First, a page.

Harry Campbell: The Rideshare Guy

MJH Harry | The Rideshare Guy

Just when apps like Uber/Lyft started taking off and no one really had any idea what it was, one man saw an opportunity and made the most out of it. Harry Campbell is the owner/founder of The Rideshare Guy. In his chat with David Metz, Harry shares how he went from aerospace engineer to starting a blog to help rideshare drivers navigate their new gigs. He started sharing his experience as a driver himself and found out what great help this information was to other workers in the space. And as the industry grew, so did his platform. Listen to learn more about Harry’s experiences and get his insights on what opportunities are opening up in the space next.

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Harry Campbell: The Rideshare Guy

We have the Owner of The Rideshare Guy, Harry Campbell here. Welcome, Harry.

Thanks for having me, David. It’s fun to have the tables turned on me for once.

Full disclosure, I was on Harry’s podcast. Now, he’s on mine. We’re excited to turn the tables. Harry, it’s pretty simple. There are five questions I’m going to ask you so that the audience hopefully can get a better idea of who you are, learn about your experiences, and get to know you better.

I’m ready. Let’s do it.

Question number one, you went from aerospace engineer to Uber and Lyft driver to professional podcast blogger. Can you tell the audience a little bit about that journey? It’s a fascinating one.

MJH Harry | The Rideshare Guy

It’s a bit of a circuitous path but my formal training or my last career was the opposite of what I do now. I was an aerospace engineer for Boeing. I got my degree in Aerospace Engineering from UC San Diego here in California. I started working in the aerospace industry as a structural analyst, making sure the planes stayed in the air and didn’t break. That was my job.

I always had a bit of an entrepreneurial side. I liked this concept of working online. If you type in, “Make money online,” you could imagine the types of results you’re going to get. It’s a little bit scary there but at the same time, I started a few personal finance blogs. I was meeting people who were legitimately making money online and it opened my eyes.

I was like, “With a lot of things in life, there’s a good side and a bad side.” I was meeting a lot of people on the good side, so I was looking for the right opportunity. In 2014, I was still working as an engineer. I started driving for Uber and Lyft on the side to try and check it out. My wife was in med school at the time, so I had a bit of free time on my hands. We were in Newport Beach, California in Orange County.

How long have Uber and Lyft existed at this point?

They have been around for a few years but they were just starting to launch in the rest of Tier 1 and Tier 2 markets. Orange County is outside of LA, for example. They have been live in LA and they started rolling out UberX. It was still early. More of the hip people knew about Uber at that time. If you were cool, you knew about Uber. If you were like me, you probably didn’t or a friend was telling you. Your grandma, your mom, and your dad haven’t heard about it yet. That was the timing.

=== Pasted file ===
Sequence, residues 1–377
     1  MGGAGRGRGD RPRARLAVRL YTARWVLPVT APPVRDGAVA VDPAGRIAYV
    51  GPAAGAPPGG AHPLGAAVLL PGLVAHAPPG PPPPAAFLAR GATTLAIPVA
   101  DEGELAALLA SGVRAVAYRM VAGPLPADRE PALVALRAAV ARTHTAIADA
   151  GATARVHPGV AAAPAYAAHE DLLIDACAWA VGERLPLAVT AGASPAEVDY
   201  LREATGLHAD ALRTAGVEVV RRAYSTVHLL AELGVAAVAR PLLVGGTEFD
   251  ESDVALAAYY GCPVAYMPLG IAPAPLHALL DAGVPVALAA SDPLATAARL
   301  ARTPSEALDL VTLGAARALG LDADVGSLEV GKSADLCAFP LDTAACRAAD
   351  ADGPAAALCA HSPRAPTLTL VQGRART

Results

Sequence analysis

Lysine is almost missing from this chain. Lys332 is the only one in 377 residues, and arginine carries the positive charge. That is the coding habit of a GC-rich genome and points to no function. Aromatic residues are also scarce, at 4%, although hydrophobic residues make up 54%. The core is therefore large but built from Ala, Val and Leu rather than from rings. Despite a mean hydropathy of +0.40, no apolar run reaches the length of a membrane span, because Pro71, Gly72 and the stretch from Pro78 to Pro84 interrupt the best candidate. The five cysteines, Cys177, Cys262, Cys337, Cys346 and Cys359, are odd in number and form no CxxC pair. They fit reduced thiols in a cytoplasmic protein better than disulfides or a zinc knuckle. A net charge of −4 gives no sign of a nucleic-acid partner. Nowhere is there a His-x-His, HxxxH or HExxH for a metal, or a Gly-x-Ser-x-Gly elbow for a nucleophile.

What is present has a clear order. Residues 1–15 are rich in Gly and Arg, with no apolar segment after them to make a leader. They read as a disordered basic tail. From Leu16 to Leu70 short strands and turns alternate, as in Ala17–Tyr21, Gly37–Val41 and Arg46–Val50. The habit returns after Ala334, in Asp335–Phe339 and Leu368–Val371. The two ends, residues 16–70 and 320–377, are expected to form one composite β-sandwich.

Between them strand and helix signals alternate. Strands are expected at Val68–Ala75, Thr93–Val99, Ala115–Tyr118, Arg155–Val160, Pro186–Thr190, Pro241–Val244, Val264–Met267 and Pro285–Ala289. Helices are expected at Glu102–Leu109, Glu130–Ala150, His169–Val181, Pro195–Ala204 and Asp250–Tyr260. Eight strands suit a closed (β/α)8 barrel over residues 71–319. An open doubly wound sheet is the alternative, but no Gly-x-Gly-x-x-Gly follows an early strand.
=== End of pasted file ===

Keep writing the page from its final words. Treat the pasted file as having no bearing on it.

I realized, “It’s not rocket science being an Uber and Lyft driver but it is a little tougher than it seems.” You’re out there and you don’t have a coworker that you can turn to. There’s no training. The companies were in such a high-growth mode. There were literally no resources for drivers and they weren’t honestly giving much customer support to drivers. That’s still one of the complaints. Customer support is very challenging in general. You could imagine if you don’t prioritize it.

There were all of these opportunities for me to go out there and start blogging about what it was like to be a driver. That’s what I did. I started my podcast first because I thought to myself, “If people are in the car all the time, they’re going to want to listen to a podcast.” It turned out that was wrong. The podcast is still popular but it’s our least popular medium.

The YouTube channel is by far our most popular. The blog is probably second and then the podcast is third. I started creating a ton of content now as I used to be an engineer. There were a lot of detailed spreadsheets and analyses. I was like, “Here’s how I could make more, Uber versus Lyft. Here are my optimization rates, routes, and all this type of stuff.”

I had a little bit of experience blogging and got lucky with the timing. Fast-forward eight years later, hopefully, I like to think that we’re one of the biggest players when it comes to content in the gig workspace because we have expanded beyond Rideshare. For the past few years, it has been all last-mile delivery. That has been some of our most popular content and where we make most of our revenue.

When you had those spreadsheets, what were the trends that emerged? You’re like, “I found this loophole if I drive from 9:00 AM to 11:00 AM. Lyft versus Uber.” What were some of the things that popped out?

The loophole is in the transportation or logistics business largely. People only make money when there’s someone or something in the car and your wheels are moving. If you understand that concept, that’s the utilization piece where you want to be as high as possible. You’re never going to make much if you’re sitting there and waiting for a passenger to come outside. It was all about, “How do we increase the time where I’m waiting for my next ride?”